5. Trim the bottom ends off the chanterelles. Tear any larger ones in half. Rinse the chanterelles under cold water. Return the pan to the stove and heat over medium high heat. Swirl in about 2 tablespoons olive oil. Add the shallots and sweat them for 2 to 3 minutes; lower heat if necessary to prevent them from burning. Add the garlic and cook until fragrant, about 30 seconds. Add the mushrooms; season with salt and pepper. Cook the mushrooms until tender, about 4 to 5 minutes. Add a ladle or two of the water from the pot to the pan as the chanterelle cook to develop a broth. Add the asparagus pieces and the fiddleheads to the pan. Stir together and season with a little more salt and pepper, then add the cream, if using. Cook to begin reducing the cream about a minute or two. Remove pan from heat, cover and set aside.
5. When the water in the pot has come to a boil, add the gnocchi and gently stir. Lower the heat; the gnocchi should never boil, but simmer. Place the pan of vegetables over medium-high heat. When the gnocchi float to the surface of the pot, remove them with a slotted spoon and place them into the pan with the vegetables. Add the lemon zest and stir together. When the cream has reduced, remove from heat. Divide between two serving bowls. Garnish each bowl with some of the chives and serve.

If not using cream, which is fine, make sure to make a little extra broth in the pan using some water from the gnocchi pot.

Pickled Chanterelles
Any mushroom can be pickled, but wild mushrooms, such as chanterelles, should first be cooked. The pickling liquid can be increased to make larger batches of an type of pickled vegetable. Follow the ratio of equal parts of each ingredient.
Pickling Liquid
1/3 cup white vinegar
1/3 cup sugar
1/3 cup water

1. Place all of the ingredients into a saucepan and stir. Bring to a boil—the liquid should be clear. Remove from heat. Add any additional flavoring spices as you wish such as some pickling spice, or the spices that make up pickling spice- black peppercorns, cloves, allspice berries, bay leaves, mustard seeds, red pepper flakes. You can season the pickling liquid to your taste. They will be fine without any additional seasoning too, just not as complex in flavor.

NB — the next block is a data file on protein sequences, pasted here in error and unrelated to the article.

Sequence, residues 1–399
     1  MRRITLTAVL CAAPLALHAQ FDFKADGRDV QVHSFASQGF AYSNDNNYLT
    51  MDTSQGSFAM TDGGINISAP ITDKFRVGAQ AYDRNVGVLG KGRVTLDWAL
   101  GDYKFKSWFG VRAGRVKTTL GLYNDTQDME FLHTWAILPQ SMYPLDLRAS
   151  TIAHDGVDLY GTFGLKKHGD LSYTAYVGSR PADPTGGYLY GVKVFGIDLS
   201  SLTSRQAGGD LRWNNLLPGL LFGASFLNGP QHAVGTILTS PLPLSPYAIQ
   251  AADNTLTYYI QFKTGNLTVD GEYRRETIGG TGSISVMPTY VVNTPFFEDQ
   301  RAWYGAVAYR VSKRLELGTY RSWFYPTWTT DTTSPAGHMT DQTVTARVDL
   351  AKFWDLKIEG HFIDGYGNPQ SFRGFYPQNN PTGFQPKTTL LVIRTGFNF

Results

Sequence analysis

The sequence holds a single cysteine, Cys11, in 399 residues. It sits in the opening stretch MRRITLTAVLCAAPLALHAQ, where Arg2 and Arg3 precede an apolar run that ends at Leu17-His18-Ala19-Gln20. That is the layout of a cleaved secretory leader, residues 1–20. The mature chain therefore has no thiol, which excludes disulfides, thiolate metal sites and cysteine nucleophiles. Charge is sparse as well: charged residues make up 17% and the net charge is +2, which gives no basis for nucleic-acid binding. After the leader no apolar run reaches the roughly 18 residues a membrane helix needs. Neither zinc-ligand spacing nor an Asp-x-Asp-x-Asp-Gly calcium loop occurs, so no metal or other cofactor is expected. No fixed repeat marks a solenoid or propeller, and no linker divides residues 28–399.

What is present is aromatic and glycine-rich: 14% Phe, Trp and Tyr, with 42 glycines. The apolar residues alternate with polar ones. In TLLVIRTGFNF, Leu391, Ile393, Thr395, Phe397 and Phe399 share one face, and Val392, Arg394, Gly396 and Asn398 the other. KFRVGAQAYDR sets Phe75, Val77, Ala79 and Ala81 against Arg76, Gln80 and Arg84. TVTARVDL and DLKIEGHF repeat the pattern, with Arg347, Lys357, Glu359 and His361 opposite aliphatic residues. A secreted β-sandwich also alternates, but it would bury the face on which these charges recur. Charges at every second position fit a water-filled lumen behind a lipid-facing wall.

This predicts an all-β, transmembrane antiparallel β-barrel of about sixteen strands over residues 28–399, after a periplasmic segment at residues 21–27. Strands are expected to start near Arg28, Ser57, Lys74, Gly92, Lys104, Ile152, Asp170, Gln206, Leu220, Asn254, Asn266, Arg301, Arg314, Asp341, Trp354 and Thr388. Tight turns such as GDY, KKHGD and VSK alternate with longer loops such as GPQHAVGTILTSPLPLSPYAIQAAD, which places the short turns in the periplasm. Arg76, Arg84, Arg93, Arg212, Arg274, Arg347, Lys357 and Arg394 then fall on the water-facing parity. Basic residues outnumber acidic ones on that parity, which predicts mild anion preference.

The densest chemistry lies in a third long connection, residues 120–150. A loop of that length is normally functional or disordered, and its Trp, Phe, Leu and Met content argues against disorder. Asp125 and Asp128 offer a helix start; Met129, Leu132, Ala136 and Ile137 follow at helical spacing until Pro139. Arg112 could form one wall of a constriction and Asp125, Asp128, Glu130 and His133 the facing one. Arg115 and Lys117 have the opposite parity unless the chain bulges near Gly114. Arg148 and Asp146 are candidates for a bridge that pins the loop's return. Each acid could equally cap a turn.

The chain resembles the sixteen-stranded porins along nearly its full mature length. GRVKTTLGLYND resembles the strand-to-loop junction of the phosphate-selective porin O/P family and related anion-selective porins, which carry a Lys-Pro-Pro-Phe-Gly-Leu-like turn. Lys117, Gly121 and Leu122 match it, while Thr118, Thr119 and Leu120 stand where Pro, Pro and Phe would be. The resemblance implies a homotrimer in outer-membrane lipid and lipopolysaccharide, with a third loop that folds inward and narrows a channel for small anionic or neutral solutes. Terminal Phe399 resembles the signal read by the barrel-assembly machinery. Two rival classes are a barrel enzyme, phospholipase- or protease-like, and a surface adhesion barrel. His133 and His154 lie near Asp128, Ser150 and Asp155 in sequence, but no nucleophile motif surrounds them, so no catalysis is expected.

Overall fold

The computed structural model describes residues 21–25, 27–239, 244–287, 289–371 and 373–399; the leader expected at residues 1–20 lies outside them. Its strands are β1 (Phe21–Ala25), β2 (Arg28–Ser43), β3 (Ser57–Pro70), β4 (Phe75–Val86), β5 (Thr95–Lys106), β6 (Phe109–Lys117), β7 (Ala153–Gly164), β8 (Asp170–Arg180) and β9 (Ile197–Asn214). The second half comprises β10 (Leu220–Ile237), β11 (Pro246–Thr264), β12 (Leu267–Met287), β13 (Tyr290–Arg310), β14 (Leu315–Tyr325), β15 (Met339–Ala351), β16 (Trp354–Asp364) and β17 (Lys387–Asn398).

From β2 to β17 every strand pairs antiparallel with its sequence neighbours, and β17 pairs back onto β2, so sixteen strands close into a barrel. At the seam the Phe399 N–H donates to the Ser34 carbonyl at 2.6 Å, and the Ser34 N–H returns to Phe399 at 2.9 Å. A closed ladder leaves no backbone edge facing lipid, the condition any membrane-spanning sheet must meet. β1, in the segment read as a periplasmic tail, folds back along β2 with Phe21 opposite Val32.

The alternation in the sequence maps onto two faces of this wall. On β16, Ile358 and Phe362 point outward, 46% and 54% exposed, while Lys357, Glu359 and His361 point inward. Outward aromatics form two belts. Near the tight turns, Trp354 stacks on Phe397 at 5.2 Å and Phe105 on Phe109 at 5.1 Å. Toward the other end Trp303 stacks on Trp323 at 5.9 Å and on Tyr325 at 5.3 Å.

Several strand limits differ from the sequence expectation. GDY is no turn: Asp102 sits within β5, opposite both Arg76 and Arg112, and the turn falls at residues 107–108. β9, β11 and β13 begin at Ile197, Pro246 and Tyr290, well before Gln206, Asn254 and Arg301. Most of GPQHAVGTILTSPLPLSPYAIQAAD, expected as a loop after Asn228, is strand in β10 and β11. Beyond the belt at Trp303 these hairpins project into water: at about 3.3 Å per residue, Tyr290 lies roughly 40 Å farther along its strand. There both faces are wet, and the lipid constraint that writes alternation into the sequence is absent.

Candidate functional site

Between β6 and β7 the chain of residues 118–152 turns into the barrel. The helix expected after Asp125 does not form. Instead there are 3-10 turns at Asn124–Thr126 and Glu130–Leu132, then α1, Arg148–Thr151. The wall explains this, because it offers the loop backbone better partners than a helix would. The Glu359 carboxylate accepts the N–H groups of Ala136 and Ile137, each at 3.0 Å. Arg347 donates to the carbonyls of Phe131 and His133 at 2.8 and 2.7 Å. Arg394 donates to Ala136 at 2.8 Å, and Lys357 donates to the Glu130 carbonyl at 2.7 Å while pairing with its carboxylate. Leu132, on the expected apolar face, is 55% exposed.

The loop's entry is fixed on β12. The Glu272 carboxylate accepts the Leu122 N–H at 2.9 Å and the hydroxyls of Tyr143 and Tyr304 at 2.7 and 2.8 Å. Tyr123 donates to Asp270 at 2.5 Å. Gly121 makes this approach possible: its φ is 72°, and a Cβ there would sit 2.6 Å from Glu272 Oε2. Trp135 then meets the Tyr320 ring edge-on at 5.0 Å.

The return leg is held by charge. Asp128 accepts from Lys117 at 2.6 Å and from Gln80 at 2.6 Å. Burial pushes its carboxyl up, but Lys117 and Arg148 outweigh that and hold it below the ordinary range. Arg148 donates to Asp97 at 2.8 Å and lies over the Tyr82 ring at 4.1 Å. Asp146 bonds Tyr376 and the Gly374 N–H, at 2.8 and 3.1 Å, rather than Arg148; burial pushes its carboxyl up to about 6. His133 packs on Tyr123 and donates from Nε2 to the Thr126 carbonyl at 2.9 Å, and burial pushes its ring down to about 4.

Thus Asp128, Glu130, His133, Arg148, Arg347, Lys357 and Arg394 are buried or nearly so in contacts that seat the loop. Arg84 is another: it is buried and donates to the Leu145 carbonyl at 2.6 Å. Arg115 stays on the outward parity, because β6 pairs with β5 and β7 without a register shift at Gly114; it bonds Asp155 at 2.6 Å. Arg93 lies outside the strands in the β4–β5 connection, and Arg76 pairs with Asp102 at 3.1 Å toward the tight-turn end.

2. Choose small-sized chanterelles. Trim off the very bottom and rinse them clean. Place a sauté pan over medium-high heat. Swirl in  1 to 2 tablespoons olive oil. Add the chanterelles to the pan and sauté until cooked, about 3 to 4 minutes depending on their size. Drain the chanterelles on paper towels and pat off excess oil.
Pour the (still hot) pickling liquid into a clean container with a lid. Add the chanterelles, cover and let sit in the refrigerator. They should be ready in a day a two. Use in salads or to accompany other food. The mushrooms should keep for several weeks refrigerated in the pickling liquid, if they don’t get eaten first.

Lavender Custard Sauce
I had dried lavender flowers on hand but you could use fresh lavender. Substitute with several stems of fresh lavender.

1 cup half and half
1 Tablespoon dried lavender flowers
3 Grade A large egg yolks
3 Tablespoons sugar
1 teaspoon honey
½ teaspoon vanilla extract

1. Place the half and half into a small sauce pan. Place over medium heat. When the half and half is hot to the touch, remove the pot from the heat. Add the lavender, stir, and let the lavender steep for about 15 minutes.
2. While the lavender is steeping, place the eggs into a bowl. Add the sugar, honey, and vanilla and whisk to combine.
3. After the 15 minutes, strain the half and half through a fine sieve into a second bowl. Rinse the pot if any bits of lavender remain. Pour the half and half back into the pan and warm it over low heat. Whisk in several tablespoons of the warm half and half into the egg yolk mixture, then pour the egg yolk mixture back into the pan. Cook the custard over low heat, stirring continuously with a silicone spatula; be sure to also run the spatula across the bottom of the pan as it cooks. The custard is ready when it reaches a temperature of 168 degrees; any light colored foam that was on top of the custard will have disappeared and the custard should coat the back of a wooden spoon. Strain the custard into a clean bowl through a fine sieve. Cover and refrigerate the custard until needed. Makes about 1 ¼  cups custard sauce.

"My mushroom guy," Chris Darrah of Mainy Mushrooms, is the source of the wild and foraged foods I use. I feel fortunate that we have someone like him at our farmer's market. Edible Philly magazine featured Chris in it's spring edition. You can find the magazine in select locations or right here on line: